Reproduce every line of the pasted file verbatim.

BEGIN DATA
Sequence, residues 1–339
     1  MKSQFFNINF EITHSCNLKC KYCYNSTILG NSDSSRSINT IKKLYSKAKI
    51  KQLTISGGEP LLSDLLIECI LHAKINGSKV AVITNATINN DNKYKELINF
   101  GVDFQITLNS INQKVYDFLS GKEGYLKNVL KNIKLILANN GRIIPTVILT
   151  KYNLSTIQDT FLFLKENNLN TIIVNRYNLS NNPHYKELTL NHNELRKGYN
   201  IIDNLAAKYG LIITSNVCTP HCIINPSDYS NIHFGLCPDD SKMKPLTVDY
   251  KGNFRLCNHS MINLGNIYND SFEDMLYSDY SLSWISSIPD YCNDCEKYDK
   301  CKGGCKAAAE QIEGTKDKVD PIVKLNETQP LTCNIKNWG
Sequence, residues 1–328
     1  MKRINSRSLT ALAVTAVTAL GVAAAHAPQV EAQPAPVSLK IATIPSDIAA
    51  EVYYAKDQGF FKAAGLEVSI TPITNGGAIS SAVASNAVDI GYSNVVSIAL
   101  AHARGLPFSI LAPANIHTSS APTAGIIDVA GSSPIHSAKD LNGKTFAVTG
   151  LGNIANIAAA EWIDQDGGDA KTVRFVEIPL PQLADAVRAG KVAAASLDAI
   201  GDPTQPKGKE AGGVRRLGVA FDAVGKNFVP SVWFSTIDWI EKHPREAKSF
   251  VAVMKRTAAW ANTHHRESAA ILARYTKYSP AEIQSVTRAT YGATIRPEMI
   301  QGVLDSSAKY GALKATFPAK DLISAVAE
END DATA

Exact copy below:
Sequence, residues 1–339
     1  MKSQFFNINF EITHSCNLKC KYCYNSTILG NSDSSRSINT IKKLYSKAKI
    51  KQLTISGGEP LLSDLLIECI LHAKINGSKV AVITNATINN DNKYKELINF
   101  GVDFQITLNS INQKVYDFLS GKEGYLKNVL KNIKLILANN GRIIPTVILT
   151  KYNLSTIQDT FLFLKENNLN TIIVNRYNLS NNPHYKELTL NHNELRKGYN
   201  IIDNLAAKYG LIITSNVCTP HCIINPSDYS NIHFGLCPDD SKMKPLTVDY
   251  KGNFRLCNHS MINLGNIYND SFEDMLYSDY SLSWISSIPD YCNDCEKYDK
   301  CKGGCKAAAE QIEGTKDKVD PIVKLNETQP LTCNIKNWG
Sequence, residues 1–328
     1  MKRINSRSLT ALAVTAVTAL GVAAAHAPQV EAQPAPVSLK IATIPSDIAA
    51  EVYYAKDQGF FKAAGLEVSI TPITNGGAIS SAVASNAVDI GYSNVVSIAL
   101  AHARGLPFSI LAPANIHTSS APTAGIIDVA GSSPIHSAKD LNGKTFAVTG
   151  LGNIANIAAA EWIDQDGGDA KTVRFVEIPL PQLADAVRAG KVAAASLDAI
   201  GDPTQPKGKE AGGVRRLGVA FDAVGKNFVP SVWFSTIDWI EKHPREAKSF
   251  VAVMKRTAAW ANTHHRESAA ILARYTKYSP AEIQSVTRAT YGATIRPEMI
   301  QGVLDSSAKY GALKATFPAK DLISAVAE